Differentialist identities, multi-level consociational accommodation, and corporatist intermediation are typical features of "consensual politics," and European integration adds further to this complexity. This is challenged by anti-elitist, sentiments, local identities, and Euro-sceptic attitudes. The project examines the defensive reaction of populist parties to the threats of open borders (multi-culturalism and cheap labour) and elite negotiations (at all levels of governance). Protest attitudes favour proposals for an anti-assimilationist and labour protective "Fortress" and a religiously-based "Europe of the People." Hypotheses concern a potential cleavage in the European party system through alliances of "losers of integration" cutting across left–right and overlapping with ethnic, centre–periphery, religious, and rural–urban factors. The empirical analysis focuses on Austria, France, Germany, Italy, Slovenia, and Switzerland. In collaboration with Yves Mény, European University Institute.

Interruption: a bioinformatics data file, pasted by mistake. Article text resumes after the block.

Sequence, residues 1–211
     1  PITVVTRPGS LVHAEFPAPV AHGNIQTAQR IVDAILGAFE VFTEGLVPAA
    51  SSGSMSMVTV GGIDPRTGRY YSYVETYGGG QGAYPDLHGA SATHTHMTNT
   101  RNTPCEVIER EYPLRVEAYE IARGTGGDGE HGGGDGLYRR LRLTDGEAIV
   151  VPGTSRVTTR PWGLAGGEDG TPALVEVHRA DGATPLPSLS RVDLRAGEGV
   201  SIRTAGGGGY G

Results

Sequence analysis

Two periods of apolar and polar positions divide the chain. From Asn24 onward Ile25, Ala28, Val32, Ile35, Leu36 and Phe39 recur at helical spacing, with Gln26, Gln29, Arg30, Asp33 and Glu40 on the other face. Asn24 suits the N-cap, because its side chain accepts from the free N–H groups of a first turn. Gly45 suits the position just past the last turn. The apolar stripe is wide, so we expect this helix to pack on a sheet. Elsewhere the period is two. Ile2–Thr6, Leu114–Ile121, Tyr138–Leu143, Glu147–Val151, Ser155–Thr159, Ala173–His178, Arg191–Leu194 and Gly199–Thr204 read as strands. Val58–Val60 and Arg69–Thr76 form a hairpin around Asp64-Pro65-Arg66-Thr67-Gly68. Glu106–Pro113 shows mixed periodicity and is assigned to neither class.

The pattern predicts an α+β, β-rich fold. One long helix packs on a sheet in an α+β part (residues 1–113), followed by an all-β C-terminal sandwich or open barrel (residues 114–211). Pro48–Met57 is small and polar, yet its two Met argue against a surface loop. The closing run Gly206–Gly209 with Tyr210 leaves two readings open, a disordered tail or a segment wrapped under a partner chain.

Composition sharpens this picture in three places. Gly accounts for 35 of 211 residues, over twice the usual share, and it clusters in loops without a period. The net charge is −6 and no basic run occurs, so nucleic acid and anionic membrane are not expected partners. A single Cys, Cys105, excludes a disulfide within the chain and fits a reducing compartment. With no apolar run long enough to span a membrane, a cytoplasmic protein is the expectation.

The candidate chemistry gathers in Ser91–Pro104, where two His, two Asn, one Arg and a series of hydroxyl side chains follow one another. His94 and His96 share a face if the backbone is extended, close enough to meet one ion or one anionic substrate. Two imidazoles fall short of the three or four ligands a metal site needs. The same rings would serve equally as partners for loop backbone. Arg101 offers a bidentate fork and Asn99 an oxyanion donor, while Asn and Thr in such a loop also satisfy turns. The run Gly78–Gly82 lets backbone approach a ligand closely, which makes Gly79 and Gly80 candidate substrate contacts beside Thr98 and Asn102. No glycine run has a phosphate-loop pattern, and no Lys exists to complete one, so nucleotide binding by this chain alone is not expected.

- Two conferences organised at the European University Institute in 2003 and 2004.
- ECPR Workshop (Edinburgh 2003) on “Cultural Diversity and European Integration”.
- Caramani, D. and Wagemann, C. (2005). A Transnational Political Culture? The Alpine Region and its Relationship to European Integration. German Politics 14(1): 74–94.
- Caramani, D. and Mény, Y., eds. (2005). Challenges to Consensual Politics: Democracy, Identity, and Populist Protest in the Alpine Region. Brussels: P.I.E.-Peter Lang (Federalism & Regionalism, no. 6).
- Caramani, D. (2009). Alpine Europe. In: Dyson, K. and A. Sepos (eds.), Whose Europe? The Politics of Differentiated Integration. London: Palgrave.